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Our Daily Bread: an Augustinian Perspective on Poverty and Hunger
Poverty and hunger are two current problems, but not two new problems. They have existed in other places and times throughout history. They were certainly present in the north of Africa at the time of Saint Augustine. As a person concerned with the major problems of his times, Augustine frequently referred to hunger and poverty in his preaching. He constantly refers to these topics, relating them to three significant Biblical texts:
o The story told by Jesus of the rich man at his table and the poor man Lazarus -- Luke 16: 19-31
o The last judgment and the works of mercy -- Matt 25: 31ss
o The words of Paul to the rich about the dangers of avarice and the need of sharing our goods --1 Tim 6: 7-19
These texts indicate the basic lines of Augustinian thought on these topics. We will summarise them here in four points:
1. Knowledge of Social Conditions and Concern for people who are poor.
Augustine knew well the social circumstances of his people. As well as the rich minority, he knew the world of many beggars, the poor majority who suffered hunger and daily requested help from him. -- See Sermon 9: 19; Sermon 14: 1; Sermon 155: 5
God made the world for all, Augustine comments, but human pride seeks the accumulation of wealth. Although all have the same skin, all do not have the same dress. All were born naked, but now some swim in abundance while others do not have anything. -- See Sermon 39: 4; Sermon 61: 2; Sermon 177: 6-7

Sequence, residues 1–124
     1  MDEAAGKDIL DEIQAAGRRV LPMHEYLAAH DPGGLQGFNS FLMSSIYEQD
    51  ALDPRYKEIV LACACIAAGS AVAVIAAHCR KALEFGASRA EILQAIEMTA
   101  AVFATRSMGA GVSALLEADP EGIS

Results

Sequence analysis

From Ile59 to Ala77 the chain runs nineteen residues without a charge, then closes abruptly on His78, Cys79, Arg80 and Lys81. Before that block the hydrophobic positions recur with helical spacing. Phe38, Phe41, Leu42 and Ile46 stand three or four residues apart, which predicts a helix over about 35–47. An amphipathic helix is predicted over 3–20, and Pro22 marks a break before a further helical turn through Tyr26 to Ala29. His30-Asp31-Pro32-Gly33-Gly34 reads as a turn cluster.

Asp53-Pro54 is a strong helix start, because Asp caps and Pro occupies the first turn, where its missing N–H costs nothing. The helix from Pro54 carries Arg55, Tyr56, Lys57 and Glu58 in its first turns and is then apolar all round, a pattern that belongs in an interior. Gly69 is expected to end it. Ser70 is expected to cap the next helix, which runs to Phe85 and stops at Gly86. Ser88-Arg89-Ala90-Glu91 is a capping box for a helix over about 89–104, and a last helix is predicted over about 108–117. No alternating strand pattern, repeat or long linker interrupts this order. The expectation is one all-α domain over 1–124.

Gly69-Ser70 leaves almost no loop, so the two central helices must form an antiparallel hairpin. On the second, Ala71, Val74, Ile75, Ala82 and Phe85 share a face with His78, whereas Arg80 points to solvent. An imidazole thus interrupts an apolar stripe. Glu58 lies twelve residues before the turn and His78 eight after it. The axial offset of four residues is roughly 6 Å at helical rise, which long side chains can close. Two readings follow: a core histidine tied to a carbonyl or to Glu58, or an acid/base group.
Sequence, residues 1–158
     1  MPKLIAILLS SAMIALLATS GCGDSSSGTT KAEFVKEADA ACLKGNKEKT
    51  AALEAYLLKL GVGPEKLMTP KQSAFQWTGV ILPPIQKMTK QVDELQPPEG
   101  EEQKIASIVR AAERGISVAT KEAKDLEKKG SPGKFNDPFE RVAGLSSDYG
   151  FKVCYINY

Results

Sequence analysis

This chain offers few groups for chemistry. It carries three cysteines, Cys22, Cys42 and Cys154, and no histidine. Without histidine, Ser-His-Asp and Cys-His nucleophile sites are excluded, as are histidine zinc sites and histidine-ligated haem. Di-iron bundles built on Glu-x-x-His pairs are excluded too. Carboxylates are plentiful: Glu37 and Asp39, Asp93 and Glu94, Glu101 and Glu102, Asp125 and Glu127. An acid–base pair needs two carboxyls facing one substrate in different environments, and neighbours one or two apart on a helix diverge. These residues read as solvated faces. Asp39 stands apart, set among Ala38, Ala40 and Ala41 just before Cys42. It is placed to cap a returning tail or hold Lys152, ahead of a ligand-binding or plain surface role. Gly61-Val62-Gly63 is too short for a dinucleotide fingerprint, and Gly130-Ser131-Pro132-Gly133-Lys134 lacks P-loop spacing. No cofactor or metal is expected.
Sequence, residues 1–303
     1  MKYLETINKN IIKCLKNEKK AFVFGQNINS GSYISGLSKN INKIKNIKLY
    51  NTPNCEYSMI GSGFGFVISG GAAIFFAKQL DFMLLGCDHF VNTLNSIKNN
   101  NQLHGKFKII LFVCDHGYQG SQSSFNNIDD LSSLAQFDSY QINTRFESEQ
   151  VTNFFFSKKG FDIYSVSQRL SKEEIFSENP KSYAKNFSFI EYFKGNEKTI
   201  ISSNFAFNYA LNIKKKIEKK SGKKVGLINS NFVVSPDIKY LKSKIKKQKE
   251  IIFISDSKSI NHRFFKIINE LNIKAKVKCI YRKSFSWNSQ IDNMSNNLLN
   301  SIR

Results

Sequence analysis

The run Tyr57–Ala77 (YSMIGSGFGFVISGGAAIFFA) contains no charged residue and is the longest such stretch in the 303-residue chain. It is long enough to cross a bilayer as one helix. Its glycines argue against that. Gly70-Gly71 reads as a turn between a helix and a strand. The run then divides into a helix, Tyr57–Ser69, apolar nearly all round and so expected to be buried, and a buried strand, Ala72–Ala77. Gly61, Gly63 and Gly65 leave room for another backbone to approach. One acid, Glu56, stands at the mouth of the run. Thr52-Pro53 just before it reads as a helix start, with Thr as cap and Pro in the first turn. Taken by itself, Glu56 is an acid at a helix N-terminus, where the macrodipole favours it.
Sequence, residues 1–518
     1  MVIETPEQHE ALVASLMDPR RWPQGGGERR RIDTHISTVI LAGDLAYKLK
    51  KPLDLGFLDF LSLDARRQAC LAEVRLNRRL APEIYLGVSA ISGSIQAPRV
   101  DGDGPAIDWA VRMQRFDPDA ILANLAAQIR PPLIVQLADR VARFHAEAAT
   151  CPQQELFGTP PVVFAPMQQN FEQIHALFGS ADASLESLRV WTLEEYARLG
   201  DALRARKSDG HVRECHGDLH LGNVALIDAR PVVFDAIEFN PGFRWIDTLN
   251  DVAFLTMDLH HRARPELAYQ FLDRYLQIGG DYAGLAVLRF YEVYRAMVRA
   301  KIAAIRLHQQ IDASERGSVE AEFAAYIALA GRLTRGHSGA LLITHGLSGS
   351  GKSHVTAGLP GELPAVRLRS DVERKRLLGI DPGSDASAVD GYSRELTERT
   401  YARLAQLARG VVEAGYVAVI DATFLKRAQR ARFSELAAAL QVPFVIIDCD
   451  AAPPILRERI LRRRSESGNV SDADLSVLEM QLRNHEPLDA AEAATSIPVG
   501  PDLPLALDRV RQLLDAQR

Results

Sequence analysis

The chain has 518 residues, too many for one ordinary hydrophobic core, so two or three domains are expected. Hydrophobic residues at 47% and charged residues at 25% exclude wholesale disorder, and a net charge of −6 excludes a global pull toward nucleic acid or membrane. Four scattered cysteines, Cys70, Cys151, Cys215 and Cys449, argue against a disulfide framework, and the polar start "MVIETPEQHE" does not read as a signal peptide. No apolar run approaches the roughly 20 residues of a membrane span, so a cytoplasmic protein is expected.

For that reason Augustine continually looked to the poorest. He even sold off the holy vessels of the church in order to be able to help the poor people. They were his special guests on the anniversary of his appointment as leader of the church in Hippo. He interceded continually for them before the community. He became the beggar for the beggars. -- See Sermon 66: 8 The Bishop of Hippo almost always included at the end of his preaching the same words: Do not reject the poor people, or Think of the poor people, or Give to the poor people what you have gathered. -- See Sermon 41: 6; Sermon 25: 8; Sermon 122: 6
2. Poverty and Wealth
The Augustinian perspective on poverty and wealth does not remain merely on the level of awareness of social circumstances and solidarity with the poorest people. Augustine frequently invited his listeners to discern the causes of this situation. He openly criticised what today we would call "materialism" and consumer society. Although they are worth less than interior riches, the goods and wealth of this world are not bad, Augustine proclaimed. They are good, but they can make human beings neither good nor happy.
Material goods are, on the other hand, extraordinarily dangerous, because they lead to arrogance and avarice. Avarice is the worm of wealth. It is very difficult for one who is rich not also to be arrogant. -- Sermon 39: 4
Avarice corrupts the human heart. We do not only use material goods. We allow ourselves to be enslaved by them, and they induce us to betray the love of God and one another. -- See Sermon 50: 5-8; Sermon 61: 2; Sermon 177: 3; Sermon 162: 3
From an Augustinian perspective, we could say that the problem is not in being rich, but rather in wanting to be rich. The problem is a love of property and objects that leads people to forget God. It rejects poor people and is incapable of sharing. It is capable of doing anything in order to earn and to accumulate wealth. -- See Sermon 39: 3; Sermon 61: 10; Sermon 14: 4, Sermon 85; Sermon 86
This is radically opposed to the reign of God, in which the poor people have first place, as in the story by Jesus about the hungry Lazarus and the rich man at the table filled with food. God does not listen to the rich man because the rich man did not listen to the poor and hungry Lazarus. The rich man rejected Lazarus and ignored the warnings of the prophets in the Bible. He did not want to share material goods and so neither will he share happiness in heaven, comments Augustine. -- See Sermon 41: 4ss; Sermon 367: 2
3. Charity and Sharing of Goods